Case: Philip Morris USA v. Williams

Date: Wednesday Dec. 3, 2008

Issue: Whether, after the Supreme Court has adjudicated the merits of a party’s federal constitutional claim and remanded the case to state court with instructions to “apply” the correct constitutional standard, the state court may instead hold the federal claim forfeited by
interposing a state-law procedural rule in a way that serves no legitimate state interest and is neither firmly established nor regularly followed.

Background: Jesse Williams of Oregon was a three-pack-a-day Marlboro smoker whose widow sued Philip Morris after he died of lung cancer in 1997. Her lawyers urged the jury to rule against Philip Morris not only for the harm the cigarettes supposedly caused to her husband but also to countless other smokers. And a jury instruction that is at the heart of this case effectively said the same. The jury ruled in Mayola Williams's favor awarding her $821,485 in compensatory damages and $79.5 Million in punitive damages. Philip Morris appealed to the Supreme Court (for the second time) and in February of 2007, Justice Stephen Breyer (joined by Chief Justice John Roberts and Justices Alito, Kennedy and Souter) authored a 5-4 opinion in the company's favor. That ruling ordered the Oregon courts to reexamine that case with the Court's holding that punitive damages cannot be based on the harm presumably done to others who are not parties to the case. In this instance, other smokers not named Jesse Williams.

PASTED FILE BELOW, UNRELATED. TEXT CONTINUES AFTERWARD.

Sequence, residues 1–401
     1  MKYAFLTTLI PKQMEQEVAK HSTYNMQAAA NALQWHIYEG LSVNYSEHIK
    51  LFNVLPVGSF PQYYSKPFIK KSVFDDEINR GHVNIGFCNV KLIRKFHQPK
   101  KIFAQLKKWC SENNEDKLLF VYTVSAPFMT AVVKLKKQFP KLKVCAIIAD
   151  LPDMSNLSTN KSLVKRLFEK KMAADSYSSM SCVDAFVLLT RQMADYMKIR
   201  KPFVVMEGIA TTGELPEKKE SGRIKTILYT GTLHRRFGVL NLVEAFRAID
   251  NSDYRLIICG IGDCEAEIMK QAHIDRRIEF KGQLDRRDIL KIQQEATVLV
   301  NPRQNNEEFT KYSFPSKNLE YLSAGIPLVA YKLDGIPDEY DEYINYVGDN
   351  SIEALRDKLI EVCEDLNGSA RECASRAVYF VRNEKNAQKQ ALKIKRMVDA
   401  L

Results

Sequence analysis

With the High Court's ruling in hand, the Oregon Supreme Court did not order a new sentencing trial or reduce the punitive damages award. Instead, it concluded the proposed jury instructions offered by Philip Morris — asking the jury not to base damages on perceived harm to others — were altogether unconstitutional and the trial judge was right not to use them. The determination was based on a technical reading of how the Philip Morris instructions were presented. Accordingly, the Oregon Supreme Court upheld the $79.5 million punitive award.

Philip Morris is once again (for the third time) seeking relief in the Supreme Court, this time arguing the Oregon Supreme Court "disregarded" and "evade[d]" the High Court's '07 ruling. Lawyers representing Mrs. Williams write the Oregon court "faithfully followed" the Supreme Court's ruling and are asking the High Court to leave Oregon's determination — and her $79.5 million judgment — alone.

Case: Haywood v. Drown

Date: Wednesday Dec. 3, 2008

Issue: Can a New York state law prevent individuals from filing certain federal claims in state courts?

Background: Keith Haywood is serving a 15-30 year stint behind bars in New York's Attica prison. Over the years, he's been involved in several disputes with corrections officers. Haywood filed charges in state court saying the officers violated his civil rights. But his lawsuits have been dismissed because they are in conflict with state laws allowing only the Attorney General to file charges against correctional officers. The state law is designed to protect its workers from frivolous lawsuits filed by inmates. Haywood argues the state law cannot usurp federal civil rights laws.